Send to

Choose Destination
See comment in PubMed Commons below
Am J Public Health. 2001 Sep;91(9):1494-8.

Poverty, race/ethnicity, and psychiatric disorder: a study of rural children.

Author information

Department of Psychiatry and Behavioral Sciences, Duke University Medical Center, Durham, NC 27710, USA.



This study examined the effect of poverty on the prevalence of psychiatric disorder in rural Black and White children.


A representative sample of 541 Black children and 379 White children aged 9 to 17 was drawn from 4 predominantly rural counties. Structured interviews with parents and children collected information on psychiatric disorders, absolute and relative poverty, and risk factors for psychiatric disorder.


Three-month prevalence of psychiatric disorder was similar to that found in other community samples (20%). Federal criteria for poverty were met by 18% of the White and 52% of the Black families. Black and White children were exposed to equal numbers of risk factors overall, but the association between poverty and psychopathology was stronger for White children (odds ratio [OR] = 2.1; 95% confidence interval [CI] = 1.1, 4.2) than for Black children (OR = 1.5; 95% CI = 0.9, 2.6). Family history of mental illness, poor parenting, and residential instability mediated this association in both groups.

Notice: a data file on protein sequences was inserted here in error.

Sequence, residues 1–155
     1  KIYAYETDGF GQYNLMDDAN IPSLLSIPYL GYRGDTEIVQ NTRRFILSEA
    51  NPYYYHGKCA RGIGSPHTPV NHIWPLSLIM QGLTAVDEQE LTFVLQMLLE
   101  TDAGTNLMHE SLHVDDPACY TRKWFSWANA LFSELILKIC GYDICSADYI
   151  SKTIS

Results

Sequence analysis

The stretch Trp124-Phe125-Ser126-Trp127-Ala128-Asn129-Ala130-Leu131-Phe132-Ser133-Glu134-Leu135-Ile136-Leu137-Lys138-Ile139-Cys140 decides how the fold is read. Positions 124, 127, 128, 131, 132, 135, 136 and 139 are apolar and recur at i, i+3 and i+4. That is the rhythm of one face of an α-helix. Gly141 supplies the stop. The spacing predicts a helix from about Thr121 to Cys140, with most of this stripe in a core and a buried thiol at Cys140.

In this rural sample, poverty was only weakly associated with child psychiatric disorders. Risk factors for both racial/ethnic groups were family mental illness, multiple moves, lack of parental warmth, lax supervision, and harsh punishment.

[Indexed for MEDLINE]
Free PMC Article
PubMed Commons home

PubMed Commons

How to join PubMed Commons

    Supplemental Content

    Full text links

    Icon for PubMed Central
    Loading ...
    Support Center